Pete Dye’s Ocean Course at Kiawah Island

By:Bob Gillespie


The cover of the Aug. 6 issue of Golf Wo​rld magazine says it all: “Danger Zone.”

That headline overlays an aerial photo of the site of this week’s 2012 ​PGA Championship, with a sub-headline that reads: “Winning the PGA will mean solving the nuanced terror of Pete Dye’s Ocean Course​ at Kiawah Island.”

That’s the lead-in to writer Mike Stachura’s “The Ultimate Riddle,” in which he makes a case for the real star of the 94th PGA Championship being not the eventual winner, but the stage upon which he and 155 others will perform. Stachura, interviewing the 86-year-old architect, aka “The Marquis de Sod,” writes that “There are no straight answers with Pete Dye,” and “The Ocean Course … might be Dye’s least straight answer ever, which could make it his most straight answer ever, defining the man and his approach to his craft in a single 2 ½-mile strip of barrier island coastline.”

Stachura also calls The Ocean Course “a brutal beauty” that will provide the ultimate test for the PGA Championship’s field of 156 of the world’s best players.

Yes, The Ocean Course will be the longest major in history (listed at 7,676 yards – and it could be stretched to 7,937 yards, though that will never happen … this year, anyway). Yes, it is regarded as the most difficult course in North America and perhaps the world. Yes, it left scars on participants in the 1991 Ryder Cup that inaugurated the course – and might do so again.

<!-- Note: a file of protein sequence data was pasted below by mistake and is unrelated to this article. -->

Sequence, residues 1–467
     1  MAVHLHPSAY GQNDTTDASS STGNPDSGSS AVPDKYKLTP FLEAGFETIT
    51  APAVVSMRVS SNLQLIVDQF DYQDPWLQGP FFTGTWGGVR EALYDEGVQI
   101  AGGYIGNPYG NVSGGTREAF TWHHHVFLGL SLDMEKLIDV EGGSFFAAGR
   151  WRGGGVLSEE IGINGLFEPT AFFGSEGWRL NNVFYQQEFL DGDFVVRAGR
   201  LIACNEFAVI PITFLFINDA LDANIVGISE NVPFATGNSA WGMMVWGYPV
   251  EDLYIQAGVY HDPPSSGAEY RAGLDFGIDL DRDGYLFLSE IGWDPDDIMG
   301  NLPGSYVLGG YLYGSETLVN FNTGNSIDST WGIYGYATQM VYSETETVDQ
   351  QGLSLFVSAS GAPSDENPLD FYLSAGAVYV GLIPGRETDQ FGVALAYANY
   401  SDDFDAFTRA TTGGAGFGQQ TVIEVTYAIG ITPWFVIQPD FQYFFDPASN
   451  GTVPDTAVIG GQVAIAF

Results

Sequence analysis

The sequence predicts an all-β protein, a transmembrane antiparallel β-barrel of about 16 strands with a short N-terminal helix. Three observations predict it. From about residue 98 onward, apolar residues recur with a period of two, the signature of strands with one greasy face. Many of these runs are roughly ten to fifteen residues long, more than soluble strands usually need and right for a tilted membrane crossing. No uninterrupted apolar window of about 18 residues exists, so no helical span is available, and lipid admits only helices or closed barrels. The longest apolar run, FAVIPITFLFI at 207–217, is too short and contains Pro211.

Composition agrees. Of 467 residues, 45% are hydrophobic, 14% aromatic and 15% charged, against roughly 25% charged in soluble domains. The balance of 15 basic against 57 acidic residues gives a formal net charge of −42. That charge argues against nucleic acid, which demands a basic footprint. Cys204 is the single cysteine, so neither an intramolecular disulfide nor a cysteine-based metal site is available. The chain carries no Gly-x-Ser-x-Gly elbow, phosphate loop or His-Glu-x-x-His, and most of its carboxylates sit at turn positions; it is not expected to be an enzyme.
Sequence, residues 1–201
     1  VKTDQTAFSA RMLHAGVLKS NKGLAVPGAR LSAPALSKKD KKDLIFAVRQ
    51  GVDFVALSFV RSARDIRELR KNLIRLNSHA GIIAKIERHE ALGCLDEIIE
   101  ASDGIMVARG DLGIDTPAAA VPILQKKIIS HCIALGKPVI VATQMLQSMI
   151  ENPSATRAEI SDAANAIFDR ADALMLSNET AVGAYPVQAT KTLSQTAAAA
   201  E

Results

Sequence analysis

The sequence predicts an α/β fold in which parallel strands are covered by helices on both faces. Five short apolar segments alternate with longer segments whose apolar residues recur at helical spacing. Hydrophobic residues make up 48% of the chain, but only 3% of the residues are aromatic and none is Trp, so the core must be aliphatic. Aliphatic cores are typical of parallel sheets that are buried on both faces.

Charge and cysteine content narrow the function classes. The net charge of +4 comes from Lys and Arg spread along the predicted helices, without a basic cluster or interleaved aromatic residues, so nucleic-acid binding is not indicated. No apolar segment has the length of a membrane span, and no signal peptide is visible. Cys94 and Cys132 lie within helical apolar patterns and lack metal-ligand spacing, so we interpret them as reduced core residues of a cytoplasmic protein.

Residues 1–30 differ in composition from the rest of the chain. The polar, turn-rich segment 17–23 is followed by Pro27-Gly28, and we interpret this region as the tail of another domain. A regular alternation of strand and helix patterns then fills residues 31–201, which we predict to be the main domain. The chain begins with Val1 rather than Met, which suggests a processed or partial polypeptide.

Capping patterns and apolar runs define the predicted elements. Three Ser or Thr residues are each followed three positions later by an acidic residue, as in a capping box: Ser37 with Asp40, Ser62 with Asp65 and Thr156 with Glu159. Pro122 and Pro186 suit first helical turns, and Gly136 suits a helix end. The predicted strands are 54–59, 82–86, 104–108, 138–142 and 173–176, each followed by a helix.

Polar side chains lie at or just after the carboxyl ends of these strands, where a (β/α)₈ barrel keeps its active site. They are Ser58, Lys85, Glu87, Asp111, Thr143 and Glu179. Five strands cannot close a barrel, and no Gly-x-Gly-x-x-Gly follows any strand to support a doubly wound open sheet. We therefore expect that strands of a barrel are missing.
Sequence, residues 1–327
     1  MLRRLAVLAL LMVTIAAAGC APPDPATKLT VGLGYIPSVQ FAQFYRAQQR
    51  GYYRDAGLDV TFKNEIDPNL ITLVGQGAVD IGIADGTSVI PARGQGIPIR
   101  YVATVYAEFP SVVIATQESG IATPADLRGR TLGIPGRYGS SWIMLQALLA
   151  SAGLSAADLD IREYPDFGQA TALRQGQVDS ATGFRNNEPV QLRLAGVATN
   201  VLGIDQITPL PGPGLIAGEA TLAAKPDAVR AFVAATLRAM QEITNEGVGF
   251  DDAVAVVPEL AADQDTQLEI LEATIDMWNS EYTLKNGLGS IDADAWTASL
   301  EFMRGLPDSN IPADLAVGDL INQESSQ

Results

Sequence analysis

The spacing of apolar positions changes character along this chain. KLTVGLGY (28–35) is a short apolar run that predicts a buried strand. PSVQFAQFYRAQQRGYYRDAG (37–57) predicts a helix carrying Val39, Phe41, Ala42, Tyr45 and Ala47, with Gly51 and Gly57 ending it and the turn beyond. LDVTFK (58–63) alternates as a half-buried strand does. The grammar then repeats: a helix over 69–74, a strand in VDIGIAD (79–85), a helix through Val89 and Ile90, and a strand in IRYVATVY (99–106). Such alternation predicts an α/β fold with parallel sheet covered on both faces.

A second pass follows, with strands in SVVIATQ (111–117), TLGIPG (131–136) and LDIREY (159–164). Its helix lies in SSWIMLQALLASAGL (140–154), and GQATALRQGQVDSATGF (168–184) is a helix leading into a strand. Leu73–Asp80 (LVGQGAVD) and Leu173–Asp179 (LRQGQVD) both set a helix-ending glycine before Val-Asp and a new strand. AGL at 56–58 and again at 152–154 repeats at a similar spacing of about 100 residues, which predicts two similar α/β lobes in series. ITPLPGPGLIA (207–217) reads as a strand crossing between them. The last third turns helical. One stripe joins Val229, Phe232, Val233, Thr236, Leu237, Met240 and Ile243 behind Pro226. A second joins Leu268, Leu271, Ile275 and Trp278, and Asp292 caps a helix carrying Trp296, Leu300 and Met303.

And yet, say Dye and former Ocean Course director of golf maintenance George Frye, the true genius of the course is not so much its difficulty as it is Dye’s ability to make it appear even tougher than it is. Dye built his ocean-side gem immediately after Hurricane Hugo, which enabled him to incorporate elements with the land and marsh that likely will never be replicated. Add the capricious winds, which can make it manageable if they don’t blow, or not much, or a nightmare if they do.

“The Ocean Course is torture amid serenity, a right cross that feels like a hug,” Stachura writes. To read the entire article, cli​ck here

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